Expansionism and militant societies saw increased international tensions during the first decade of the 20th century. A fierce naval arms race began as European nations battled to maintain and expand colonial empires. Germany and England, in a heated competition, wished to outdo each other by building the grandest possible fleet. England moved by launching the "World's Most Powerful Battleship" — the HMS Dreadnought — on February 10, 1906. The Dreadnought proved to be one of the most revolutionary warships in history.

Germany, already building two battleships per year for several years, immediately declared they would match the quality and firepower of the Dreadnought. The United States allegedly bought the plans for the Dreadnought from a British spy to build their own.

The battleship was the primary naval weapon when the First World War broke out in 1914. Enormous clashes between naval fleets with battleships occurred at Jutland and the Gulf of Riga. The strategic significance of these enormous dreadnoughts was critical to controlling the sea. By the war's end, there was little reason to suspect they would be largely obsolete within 30 years.

The Fusion of Sea and Air Power

Aviator Eugene Ely flew a plane from a special deck built on the U.S. cruiser Birmingham in November 1910, then on January 18, 1911, he successfully landed on the quarterdeck of the battleship Pennsylvania, demonstrating the proof of concept for naval-launched airpower. During the war, the British expanded on this concept with the first ship with a dedicated flight deck, the HMS Argus. The war ended before the Argus went to sea, but an American army officer took note.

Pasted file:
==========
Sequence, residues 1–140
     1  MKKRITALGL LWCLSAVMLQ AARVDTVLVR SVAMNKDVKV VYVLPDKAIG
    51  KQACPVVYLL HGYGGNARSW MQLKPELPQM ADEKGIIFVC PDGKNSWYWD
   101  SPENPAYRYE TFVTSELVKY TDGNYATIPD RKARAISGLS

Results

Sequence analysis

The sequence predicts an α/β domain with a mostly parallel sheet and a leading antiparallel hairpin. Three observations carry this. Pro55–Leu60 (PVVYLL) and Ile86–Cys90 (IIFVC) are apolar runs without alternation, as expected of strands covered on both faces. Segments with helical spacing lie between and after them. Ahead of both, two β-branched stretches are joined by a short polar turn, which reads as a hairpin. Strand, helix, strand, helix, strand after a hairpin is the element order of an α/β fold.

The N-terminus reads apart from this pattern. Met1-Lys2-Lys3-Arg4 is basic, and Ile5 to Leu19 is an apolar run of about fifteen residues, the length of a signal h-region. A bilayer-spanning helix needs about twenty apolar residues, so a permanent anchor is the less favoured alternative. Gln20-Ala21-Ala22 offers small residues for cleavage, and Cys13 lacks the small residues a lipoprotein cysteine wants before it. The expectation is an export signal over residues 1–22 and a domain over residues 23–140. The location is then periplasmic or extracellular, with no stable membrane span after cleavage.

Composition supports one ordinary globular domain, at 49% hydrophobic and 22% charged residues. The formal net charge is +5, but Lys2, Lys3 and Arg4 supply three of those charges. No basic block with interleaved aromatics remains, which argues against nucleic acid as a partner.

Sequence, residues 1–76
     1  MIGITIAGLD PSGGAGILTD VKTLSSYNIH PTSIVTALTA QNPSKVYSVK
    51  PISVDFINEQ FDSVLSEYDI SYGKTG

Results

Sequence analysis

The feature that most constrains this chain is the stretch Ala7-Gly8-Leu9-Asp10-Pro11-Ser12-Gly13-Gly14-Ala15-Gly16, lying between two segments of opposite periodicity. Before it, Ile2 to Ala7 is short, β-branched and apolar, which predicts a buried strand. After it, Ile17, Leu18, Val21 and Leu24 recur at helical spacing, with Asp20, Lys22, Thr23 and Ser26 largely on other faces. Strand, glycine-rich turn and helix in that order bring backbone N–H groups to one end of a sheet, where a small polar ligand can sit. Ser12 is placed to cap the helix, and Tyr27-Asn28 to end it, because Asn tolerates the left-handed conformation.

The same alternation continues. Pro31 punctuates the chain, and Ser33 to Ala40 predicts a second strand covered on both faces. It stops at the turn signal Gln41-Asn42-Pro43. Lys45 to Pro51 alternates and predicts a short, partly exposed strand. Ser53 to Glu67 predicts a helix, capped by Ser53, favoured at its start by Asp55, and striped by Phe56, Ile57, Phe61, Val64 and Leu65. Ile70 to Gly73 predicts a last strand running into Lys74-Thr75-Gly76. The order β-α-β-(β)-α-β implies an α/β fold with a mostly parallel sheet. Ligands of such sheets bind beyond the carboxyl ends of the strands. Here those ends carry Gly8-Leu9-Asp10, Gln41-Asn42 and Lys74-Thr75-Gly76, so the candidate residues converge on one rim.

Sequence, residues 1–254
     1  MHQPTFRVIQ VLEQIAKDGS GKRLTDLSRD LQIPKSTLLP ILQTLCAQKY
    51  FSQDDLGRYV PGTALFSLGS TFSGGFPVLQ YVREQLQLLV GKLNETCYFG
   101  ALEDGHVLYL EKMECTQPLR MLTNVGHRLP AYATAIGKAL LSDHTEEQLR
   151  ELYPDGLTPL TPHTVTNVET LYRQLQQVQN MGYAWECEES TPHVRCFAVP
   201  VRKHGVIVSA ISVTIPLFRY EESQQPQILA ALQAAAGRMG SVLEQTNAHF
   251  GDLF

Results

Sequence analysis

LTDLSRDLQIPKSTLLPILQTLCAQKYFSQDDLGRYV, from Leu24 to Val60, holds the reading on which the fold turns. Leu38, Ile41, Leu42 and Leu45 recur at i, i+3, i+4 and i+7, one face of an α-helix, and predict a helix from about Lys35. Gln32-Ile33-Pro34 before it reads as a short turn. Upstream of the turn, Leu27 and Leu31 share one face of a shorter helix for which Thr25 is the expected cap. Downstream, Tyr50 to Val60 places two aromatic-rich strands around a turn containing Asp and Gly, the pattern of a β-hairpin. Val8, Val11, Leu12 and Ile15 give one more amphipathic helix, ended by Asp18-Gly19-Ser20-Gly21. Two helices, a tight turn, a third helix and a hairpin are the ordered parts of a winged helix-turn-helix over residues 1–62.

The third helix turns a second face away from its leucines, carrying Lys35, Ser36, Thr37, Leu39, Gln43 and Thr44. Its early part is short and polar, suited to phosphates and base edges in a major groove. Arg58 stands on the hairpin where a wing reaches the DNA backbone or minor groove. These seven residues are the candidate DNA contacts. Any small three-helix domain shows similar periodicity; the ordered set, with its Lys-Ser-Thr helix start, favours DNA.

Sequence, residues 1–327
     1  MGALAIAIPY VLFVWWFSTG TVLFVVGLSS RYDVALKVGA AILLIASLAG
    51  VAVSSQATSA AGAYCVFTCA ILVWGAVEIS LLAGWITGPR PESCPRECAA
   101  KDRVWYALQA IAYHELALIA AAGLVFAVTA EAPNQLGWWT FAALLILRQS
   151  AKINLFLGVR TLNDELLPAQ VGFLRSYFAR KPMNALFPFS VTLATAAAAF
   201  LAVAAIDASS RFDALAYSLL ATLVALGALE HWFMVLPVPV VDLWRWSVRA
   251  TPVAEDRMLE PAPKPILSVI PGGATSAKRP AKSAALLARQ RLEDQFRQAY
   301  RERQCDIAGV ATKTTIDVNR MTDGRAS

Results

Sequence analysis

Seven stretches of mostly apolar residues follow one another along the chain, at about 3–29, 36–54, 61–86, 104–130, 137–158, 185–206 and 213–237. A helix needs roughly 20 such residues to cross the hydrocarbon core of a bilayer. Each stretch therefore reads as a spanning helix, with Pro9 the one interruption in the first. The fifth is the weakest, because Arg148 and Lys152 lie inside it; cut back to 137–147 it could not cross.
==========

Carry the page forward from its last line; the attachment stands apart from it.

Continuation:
William "Billy" Mitchell was a Signal Corps officer in the United States Army. He took private flying lessons as deputy commander of an aviation section during World War I. Ultimately placed in command of all aerial units in France. He became a fierce advocate for air power after the war, ticking off his superiors with his vocal and sometimes combative defense of military aviation.

Though Eugene Ely had proven the concept of naval aviation and the HMS Argus the possibility of launching and collecting aircraft, doubters in the U.S. military brass refused to believe the efficacy of attack aircraft in naval warfare. On July 21, 1921, Mitchell personally led a squadron of aircraft on an attack of the former German battleship the Ostfriedland in the Chesapeake Bay. The old guard of naval officers, some described with "tears in their eyes," per the U.S. Department of Defense, watched as Mitchell sank the battleship with bombs launched from planes. The era of the great battleship was ending.  The United States Navy commissioned its first purpose-built aircraft carrier, the USS Langley, in March 1922.

Aircraft Carriers in World War II

The aircraft carrier soon became the standard of force projection around the globe. Not only could increasingly advancing aircraft and technology perform the old missions of the battleship, namely softening coastal defense, providing air cover, and destroying enemy ships at a distance, but they could carry an entire military force thousands of miles from home territory.

When the Japanese ejected the Russians from Manchuria at the Battle of Khalkhin Gol, the United States and Japan were on a collision course for Pacific domination. The conflagration kicked off during the Battle of Pearl Harbor when Japan launched a surprise attack against the American fleet in Hawaii. Utilizing six aircraft carriers, they traveled thousands of miles across the ocean and launched an aerial bombardment aimed at crippling the U.S. Pacific Fleet.